Last week, senators discussed the effectiveness of the organization’s use of point teams and committees to turn initiatives into the concrete proposals it submits to the administration. SGO is structured on a system in which senators appoint members of the Senate to committees covering different policy areas. These committees then meet and draft proposals advocating for a certain policy which can be sent to members of the administration. However, these committees have vastly differing obligations. For example, the Student Life Committee has only four members, but its responsibilities are vast.

“Anything that’s not sustainability or academics could essentially fall into student life: dining, dorms, everything else,” said David Pipkin, co-president of SGO.

This is what necessitated the creation of point teams, which are more informal teams — not listed on the website — created to deal with specific issues, like dining for example.

Appointing point teams on a voluntary basis, according to Pipkin, “makes more sense … because frankly, you have to advocate for things over a longer period of time, and you have to do it consistently, and having only four people do that for a wide range of issues isn’t a rational expectation.”

Srinivasan argued during last Sunday’s SGO meeting that the committee and point team system, as it exists now, takes too long to turn ideas into concrete results, and the fact that many of their directives overlap adds to the confusion.

“It becomes really convoluted when we try to create all kinds of teams to address problems and we don’t have a clear directive,” said Srinivisian. “It’s not necessarily that the committees aren’t effective, it’s just that it’s really hard to find a time to meet and then review for things that I think, personally, are very simple and we can do quicker.”

The body has created a Constitutional Review Committee to fix some of the structural flaws that give SGO the impression of being inefficient. Pipkin said that the document was put together hastily and has some practical issues that need to be addressed.

“SGO as an entity has in its construction deep flaws,” said Pipkin. “The SGO constitution … as it exists now was drafted because they lost the first one, so they did it hurriedly without really thinking through everything.”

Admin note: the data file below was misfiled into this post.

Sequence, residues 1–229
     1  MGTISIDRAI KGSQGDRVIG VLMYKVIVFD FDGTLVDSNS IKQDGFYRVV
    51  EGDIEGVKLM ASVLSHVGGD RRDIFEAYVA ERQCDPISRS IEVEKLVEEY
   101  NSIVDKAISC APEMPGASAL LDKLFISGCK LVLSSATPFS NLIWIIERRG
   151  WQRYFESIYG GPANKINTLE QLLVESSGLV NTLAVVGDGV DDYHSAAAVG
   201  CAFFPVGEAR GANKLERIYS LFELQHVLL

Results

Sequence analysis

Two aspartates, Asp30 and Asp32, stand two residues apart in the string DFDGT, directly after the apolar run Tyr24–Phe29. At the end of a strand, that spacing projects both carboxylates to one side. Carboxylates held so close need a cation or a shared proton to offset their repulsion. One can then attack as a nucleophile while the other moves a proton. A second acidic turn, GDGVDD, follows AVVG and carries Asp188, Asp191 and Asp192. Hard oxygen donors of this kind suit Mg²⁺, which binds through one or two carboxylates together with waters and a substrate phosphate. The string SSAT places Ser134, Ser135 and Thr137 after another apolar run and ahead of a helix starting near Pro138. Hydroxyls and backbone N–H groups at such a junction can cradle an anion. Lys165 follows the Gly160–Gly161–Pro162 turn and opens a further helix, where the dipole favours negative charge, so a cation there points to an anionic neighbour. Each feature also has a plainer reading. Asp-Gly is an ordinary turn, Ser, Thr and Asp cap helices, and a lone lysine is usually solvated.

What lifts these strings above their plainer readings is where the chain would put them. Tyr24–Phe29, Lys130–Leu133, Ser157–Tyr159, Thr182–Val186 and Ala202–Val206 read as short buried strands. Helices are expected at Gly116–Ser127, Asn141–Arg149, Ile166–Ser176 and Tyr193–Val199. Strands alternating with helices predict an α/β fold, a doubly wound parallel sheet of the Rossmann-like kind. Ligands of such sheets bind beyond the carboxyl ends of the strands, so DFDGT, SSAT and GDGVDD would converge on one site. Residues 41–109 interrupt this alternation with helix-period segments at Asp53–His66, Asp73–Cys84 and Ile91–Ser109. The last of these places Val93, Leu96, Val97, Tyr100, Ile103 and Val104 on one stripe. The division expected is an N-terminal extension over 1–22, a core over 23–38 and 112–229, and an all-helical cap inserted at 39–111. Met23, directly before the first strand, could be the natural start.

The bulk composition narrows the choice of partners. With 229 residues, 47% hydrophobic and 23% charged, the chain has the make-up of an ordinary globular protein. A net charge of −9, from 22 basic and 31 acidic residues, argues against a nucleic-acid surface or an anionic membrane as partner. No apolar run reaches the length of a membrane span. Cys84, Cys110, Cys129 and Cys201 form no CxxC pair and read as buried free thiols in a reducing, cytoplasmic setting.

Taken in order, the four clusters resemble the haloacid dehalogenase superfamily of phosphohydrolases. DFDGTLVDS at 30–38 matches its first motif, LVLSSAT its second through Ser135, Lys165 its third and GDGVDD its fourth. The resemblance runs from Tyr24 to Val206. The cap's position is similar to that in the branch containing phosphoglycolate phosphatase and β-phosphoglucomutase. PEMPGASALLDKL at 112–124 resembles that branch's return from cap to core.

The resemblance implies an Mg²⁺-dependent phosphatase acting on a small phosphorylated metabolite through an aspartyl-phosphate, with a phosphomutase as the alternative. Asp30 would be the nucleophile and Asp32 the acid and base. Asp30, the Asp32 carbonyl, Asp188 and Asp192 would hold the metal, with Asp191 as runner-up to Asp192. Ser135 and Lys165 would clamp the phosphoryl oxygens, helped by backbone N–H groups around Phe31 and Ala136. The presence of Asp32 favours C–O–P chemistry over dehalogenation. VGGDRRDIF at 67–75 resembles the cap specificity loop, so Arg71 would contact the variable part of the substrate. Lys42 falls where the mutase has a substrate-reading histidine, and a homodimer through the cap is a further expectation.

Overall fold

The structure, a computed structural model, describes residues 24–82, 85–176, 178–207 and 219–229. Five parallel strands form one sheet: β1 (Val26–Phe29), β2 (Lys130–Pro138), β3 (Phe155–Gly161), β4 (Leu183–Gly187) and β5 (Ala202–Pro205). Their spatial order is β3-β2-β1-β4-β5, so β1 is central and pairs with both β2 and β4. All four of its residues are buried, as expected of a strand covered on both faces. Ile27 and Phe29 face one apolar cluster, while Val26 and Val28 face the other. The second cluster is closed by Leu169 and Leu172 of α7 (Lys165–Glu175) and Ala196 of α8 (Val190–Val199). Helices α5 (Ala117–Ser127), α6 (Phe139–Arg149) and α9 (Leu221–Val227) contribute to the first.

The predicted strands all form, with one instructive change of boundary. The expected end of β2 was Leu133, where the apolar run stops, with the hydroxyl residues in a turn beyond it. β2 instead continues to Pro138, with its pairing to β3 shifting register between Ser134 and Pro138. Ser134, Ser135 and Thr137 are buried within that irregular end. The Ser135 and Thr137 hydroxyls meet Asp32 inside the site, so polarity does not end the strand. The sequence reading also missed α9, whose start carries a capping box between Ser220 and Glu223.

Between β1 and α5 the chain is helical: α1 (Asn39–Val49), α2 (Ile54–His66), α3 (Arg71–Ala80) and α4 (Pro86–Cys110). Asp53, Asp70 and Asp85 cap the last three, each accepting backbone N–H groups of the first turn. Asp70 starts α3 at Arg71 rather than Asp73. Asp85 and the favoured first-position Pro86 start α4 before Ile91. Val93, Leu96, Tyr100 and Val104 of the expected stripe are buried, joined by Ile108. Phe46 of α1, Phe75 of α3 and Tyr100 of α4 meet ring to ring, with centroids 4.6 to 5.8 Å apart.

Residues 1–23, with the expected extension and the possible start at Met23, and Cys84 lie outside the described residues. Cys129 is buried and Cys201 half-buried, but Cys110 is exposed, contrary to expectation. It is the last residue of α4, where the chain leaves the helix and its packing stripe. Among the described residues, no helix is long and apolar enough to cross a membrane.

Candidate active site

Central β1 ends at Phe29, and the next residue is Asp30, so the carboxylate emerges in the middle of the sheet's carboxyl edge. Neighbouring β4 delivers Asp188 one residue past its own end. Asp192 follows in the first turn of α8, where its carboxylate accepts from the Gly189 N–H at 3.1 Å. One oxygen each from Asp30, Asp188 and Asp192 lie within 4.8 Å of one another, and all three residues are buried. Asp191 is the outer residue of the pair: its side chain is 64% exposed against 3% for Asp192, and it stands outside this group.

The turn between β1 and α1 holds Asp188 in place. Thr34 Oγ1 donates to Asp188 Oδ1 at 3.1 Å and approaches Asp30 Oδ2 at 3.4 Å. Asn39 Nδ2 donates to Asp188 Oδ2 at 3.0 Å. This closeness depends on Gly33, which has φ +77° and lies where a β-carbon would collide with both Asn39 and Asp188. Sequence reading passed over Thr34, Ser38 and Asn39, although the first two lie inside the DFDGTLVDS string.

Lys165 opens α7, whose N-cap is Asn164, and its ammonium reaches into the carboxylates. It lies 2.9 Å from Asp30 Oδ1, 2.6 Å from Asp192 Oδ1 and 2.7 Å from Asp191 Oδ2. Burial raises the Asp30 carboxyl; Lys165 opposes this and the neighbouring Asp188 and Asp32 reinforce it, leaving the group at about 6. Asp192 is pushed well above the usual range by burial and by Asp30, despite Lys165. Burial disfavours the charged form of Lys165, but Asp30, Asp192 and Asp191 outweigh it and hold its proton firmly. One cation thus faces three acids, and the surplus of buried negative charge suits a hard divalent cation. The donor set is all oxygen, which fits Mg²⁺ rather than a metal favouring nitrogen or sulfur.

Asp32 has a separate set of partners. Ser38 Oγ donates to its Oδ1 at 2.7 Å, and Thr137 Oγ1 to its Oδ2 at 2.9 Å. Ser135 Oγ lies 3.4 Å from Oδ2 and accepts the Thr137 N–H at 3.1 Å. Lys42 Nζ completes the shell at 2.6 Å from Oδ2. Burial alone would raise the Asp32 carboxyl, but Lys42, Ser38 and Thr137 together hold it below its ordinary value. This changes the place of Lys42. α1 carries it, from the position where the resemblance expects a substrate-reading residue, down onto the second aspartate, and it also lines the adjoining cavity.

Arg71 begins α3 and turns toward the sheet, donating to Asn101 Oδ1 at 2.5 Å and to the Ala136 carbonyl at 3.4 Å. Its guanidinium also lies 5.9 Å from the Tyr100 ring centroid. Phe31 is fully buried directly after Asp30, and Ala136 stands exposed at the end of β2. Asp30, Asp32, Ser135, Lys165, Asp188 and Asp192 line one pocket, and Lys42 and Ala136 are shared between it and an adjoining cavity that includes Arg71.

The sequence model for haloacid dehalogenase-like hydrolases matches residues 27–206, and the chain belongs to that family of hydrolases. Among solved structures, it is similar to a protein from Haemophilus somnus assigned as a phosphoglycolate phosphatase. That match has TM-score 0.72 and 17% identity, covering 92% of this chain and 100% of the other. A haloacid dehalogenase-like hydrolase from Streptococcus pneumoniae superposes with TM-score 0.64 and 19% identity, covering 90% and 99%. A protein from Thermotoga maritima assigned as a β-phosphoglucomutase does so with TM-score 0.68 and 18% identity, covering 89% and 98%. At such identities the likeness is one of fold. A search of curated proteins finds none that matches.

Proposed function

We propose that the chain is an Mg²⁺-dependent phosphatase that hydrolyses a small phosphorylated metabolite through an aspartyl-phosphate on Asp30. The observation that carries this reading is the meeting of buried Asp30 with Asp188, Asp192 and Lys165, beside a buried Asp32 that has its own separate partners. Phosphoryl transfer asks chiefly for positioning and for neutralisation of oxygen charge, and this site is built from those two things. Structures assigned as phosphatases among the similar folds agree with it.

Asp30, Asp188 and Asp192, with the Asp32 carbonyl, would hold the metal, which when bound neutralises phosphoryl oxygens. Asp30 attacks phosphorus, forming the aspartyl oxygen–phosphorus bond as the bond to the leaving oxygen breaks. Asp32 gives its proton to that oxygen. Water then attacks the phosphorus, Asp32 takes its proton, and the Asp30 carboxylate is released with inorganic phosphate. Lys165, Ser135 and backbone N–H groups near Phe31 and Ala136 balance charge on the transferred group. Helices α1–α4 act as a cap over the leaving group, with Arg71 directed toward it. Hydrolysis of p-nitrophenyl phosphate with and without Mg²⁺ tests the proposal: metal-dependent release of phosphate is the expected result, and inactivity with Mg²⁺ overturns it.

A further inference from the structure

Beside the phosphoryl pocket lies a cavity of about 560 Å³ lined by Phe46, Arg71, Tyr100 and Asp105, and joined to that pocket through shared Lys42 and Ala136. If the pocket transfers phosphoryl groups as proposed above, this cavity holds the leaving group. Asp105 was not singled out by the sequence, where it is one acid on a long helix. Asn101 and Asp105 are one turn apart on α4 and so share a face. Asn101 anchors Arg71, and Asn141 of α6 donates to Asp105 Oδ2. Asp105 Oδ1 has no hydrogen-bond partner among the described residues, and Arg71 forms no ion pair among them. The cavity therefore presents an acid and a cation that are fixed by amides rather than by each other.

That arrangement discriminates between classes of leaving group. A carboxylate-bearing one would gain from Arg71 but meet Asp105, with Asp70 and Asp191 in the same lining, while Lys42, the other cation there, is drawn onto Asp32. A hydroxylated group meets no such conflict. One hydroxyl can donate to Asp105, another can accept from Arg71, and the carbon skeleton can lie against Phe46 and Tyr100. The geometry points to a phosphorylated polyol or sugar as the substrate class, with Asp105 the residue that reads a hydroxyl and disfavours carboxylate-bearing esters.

One of the major problems with the document, according to Pipkin, was that Senate elections and the executive board elections take place in different semesters. Executive Board elections happen in March, but Senate elections six weeks into the fall semester so first-years could participate. Pipkin suggested that having Senate elections in April would allow the executive board and Senate to plan their initiatives for the next year and be ready to get to work on the first day of the fall semester.

“The fact that I have an executive board for four months of half student government is hobbling,” he said. “And then you have the added problem [that] you had the school year start later than usual.”

Also, while Senators are on the committees and have the power to vote on who is on those committees, the constitution doesn’t give the Senate any power to vote on amendments. All this power is given to the executive board. The Constitutional Review Committee is working to change this.

Srinivasan believes the new constitution needs to give the Senate more of a voice and include clear goals for each committee. A voting process for passing amendments should also be present, and the document should be four pages and easily readable.

SGO has put a focus this year on listening to different student groups and bringing their concerns to Senate meetings. While it has received input, Srinivasan believes it hasn’t been able to make big policy pushes because of the long lines of communication between the Senate, point teams, and committees.  

Srinivasan said, “We try to get a lot of input, we’re hosting more events to get input, but the big thing isn’t that we’re not getting their views. It’s that we’re not actually able to act on them very quickly because if I went to visit SASA, they gave me something to do, and I brought it up in a meeting two weeks later, it would be sent to a committee and we’d do something in like March.”